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Which Fox Animated Series Has the Most Steam Left?

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May 21, 2012 | 6:15am EDT

The Simpsons Sunday night television. A time for strong-jawed ad men, Medieval politics, and yellow people with four fingers. Fox's Sunday lineup brands itself with the title "Animation Domination," due to its makeup consisting of The Simpsons, Family Guy, American Dad, The Cleveland Show, and Bob's Burgers. Animation, there is no denying. But Domination? That's the question. With The Simpsons a full generation past its heyday and the Seth MacFarlane formula growing tired, do any of Fox's Sunday night cartoons really have any steam left?

Saying that The Simpsons isn’t what it used to be would have been old news 10 years ago. But as sundried as the once-insuperable animated sitcom has become, it’s nonetheless kind of comforting to know that it’s still on the air. Although contemporary episodes can’t compare to those of the 1990s, who is really pushing for The Simpsons to call it quits anytime soon? The show is a staple — a family member. A washed up family member that many are happy to still have around, just in case you’re having a particularly bleak, colorless Sunday.

I truly believe that as seldom as many old fans may watch new episodes of The Simpsons today, the show will be missed when it finally goes off the air. However, I’m not sure the same can be said for anything in the Seth MacFarlane vault. Family Guy is currently in its 10th season, and hasn’t really done much to wow since shortly after its post-hiatus return to Fox in 2005. Family Guy followers American Dad and The Cleveland Show have maintained an even less substantial thrill factor. The entertainment that does come from new episodes of Family Guy exists mostly in the familiarity of once-beloved characters, and the occasion pop culture parody (see: Star Wars parody "Blue Harvest" and their follow-ups). American Dad and The Cleveland Show never really forged those connections with fans in the first place.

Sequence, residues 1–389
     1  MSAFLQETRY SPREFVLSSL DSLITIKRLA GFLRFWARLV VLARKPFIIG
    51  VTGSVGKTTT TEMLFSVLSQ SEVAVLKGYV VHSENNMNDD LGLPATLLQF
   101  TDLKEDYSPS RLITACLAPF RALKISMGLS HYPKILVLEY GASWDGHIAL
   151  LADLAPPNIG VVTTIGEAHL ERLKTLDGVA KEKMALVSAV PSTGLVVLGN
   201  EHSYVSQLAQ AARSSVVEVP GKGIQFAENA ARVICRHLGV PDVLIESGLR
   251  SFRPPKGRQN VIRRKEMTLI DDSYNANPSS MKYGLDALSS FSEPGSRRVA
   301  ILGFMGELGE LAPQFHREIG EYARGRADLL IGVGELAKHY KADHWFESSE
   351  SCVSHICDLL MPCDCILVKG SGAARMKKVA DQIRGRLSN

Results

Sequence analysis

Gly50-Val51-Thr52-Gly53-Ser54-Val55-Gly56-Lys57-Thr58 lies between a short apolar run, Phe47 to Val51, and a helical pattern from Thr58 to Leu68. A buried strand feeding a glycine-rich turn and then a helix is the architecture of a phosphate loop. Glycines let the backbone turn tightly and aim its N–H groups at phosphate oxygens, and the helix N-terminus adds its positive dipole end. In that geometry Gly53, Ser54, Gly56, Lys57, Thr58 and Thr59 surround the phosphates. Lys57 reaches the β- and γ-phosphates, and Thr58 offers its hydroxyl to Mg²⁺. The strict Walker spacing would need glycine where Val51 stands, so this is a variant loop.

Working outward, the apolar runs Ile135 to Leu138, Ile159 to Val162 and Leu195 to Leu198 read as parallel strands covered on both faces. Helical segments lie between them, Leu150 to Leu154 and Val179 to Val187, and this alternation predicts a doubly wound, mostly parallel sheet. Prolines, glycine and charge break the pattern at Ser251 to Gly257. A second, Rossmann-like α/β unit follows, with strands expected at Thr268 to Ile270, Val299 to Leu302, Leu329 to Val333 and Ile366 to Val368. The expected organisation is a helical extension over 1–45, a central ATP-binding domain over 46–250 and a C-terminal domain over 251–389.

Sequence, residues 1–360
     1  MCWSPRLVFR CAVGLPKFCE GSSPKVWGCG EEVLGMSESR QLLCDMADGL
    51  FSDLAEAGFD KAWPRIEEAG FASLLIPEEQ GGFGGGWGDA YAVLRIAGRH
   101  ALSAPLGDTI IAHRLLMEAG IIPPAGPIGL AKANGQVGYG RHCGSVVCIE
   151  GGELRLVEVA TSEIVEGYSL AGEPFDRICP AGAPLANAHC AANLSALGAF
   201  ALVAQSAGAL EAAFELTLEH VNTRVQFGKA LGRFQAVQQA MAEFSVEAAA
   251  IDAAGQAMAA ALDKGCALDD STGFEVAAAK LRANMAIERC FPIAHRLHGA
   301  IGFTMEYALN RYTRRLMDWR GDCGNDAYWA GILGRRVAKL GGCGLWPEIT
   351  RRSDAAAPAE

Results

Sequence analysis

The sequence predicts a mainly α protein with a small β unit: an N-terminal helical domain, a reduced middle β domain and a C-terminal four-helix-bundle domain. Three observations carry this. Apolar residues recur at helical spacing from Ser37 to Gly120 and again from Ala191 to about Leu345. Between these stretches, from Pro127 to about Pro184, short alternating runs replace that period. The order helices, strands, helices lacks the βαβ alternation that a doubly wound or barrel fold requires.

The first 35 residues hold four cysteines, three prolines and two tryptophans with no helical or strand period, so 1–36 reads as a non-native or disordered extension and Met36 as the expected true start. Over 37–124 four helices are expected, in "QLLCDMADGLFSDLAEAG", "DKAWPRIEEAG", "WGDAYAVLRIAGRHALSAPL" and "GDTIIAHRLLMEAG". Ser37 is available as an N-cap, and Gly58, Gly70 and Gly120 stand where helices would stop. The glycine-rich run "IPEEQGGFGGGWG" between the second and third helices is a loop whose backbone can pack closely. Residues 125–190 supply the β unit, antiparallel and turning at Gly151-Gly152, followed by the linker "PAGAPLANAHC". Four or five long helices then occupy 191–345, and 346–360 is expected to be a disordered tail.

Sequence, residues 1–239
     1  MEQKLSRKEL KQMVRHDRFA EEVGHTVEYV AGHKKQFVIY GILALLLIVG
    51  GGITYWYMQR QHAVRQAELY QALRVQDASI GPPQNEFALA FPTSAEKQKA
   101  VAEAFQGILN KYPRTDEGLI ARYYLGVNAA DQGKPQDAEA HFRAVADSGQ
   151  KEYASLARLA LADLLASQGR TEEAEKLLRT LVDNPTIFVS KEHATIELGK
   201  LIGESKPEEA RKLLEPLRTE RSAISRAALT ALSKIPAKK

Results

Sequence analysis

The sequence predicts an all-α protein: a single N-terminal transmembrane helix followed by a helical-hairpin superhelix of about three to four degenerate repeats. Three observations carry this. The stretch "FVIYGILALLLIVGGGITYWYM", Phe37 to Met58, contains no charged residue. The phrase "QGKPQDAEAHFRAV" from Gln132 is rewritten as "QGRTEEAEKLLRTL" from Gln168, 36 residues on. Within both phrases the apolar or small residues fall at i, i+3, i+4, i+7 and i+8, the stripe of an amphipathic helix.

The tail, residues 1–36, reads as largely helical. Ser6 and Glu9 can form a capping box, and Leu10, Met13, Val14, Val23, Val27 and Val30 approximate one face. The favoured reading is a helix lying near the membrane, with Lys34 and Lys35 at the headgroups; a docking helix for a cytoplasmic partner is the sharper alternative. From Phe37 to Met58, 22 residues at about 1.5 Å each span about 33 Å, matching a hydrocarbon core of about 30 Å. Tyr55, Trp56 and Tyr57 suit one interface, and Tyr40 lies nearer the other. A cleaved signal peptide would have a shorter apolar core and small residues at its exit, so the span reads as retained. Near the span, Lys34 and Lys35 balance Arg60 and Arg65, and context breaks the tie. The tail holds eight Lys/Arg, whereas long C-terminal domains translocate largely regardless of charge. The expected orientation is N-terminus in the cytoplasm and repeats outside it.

But MacFarlane isn’t a creative force devoid of talent. He has just succumbed to churning out the same old formula, threefold, for the past several years. The writer/producer is making an encouraging move to film, using the upcoming Mark Wahlberg picture Ted as a vehicle. Whether or not this particular project ingratiates MacFarlane’s talents appropriately into the big-screen world, it’s an indicator that he’s willing and capable of trying new things, beyond the formula that makes up the Griffin/Smith/Brown family unit formula.

The curse of the pedestal on which the early seasons of The Simpsons and Family Guy placed their respective programs is that with even a moderate decline in quality will come massive criticism on the part of the fans. The Simpsons was near-perfect in its prime years, and was, as such, one of the most popular and culturally relevant shows on television. Family Guy was a bit more of a cult phenomenon, really gaining popularity in its hiatus between the first incarnation's cancellation and the second's resurgence via DVD sales and Adult Swim reruns. The strength of The Simpson's pop culture satire, and the power of Family Guy's shock value comedy fizzled, and the show's suffered.

Considering this, it doesn't necessarily seem to be such a bad thing to get off to a slower, albeit respectable start on TV. Fox's comedy lineup includes the critically appreciated, but seldom discussed, Bob's Burgers, which stars voice artist H. Jon Benjamin (who also plays the title character on FX's animated comedy Archer) as a hapless dysfunctional family man and proprietor of a failing hamburger restaurant. The show hasn't come out of the gate with much oomph, but it has earned mostly positive reviews by those who have seen and do discuss it.

And this might be the key to its success. It takes a backseat to its peers, thanks alone to their names and history, but Bob's Burgers might be the power player of comedy on Sunday nights. Plus, with The Simpsons' possible end on the horizon, and MacFarlane's career move towards the big screen (and maybe, eventually, The Flintstones), the small meat-based series from creator Loren Bouchard (Dr. Katz, Home Movies) looks to have the brightest future. Although it's a definite underdog, Bob's Burgers might be the show to bet on to carry Fox's Sunday for the long haul.

[Image Credit: FOX]

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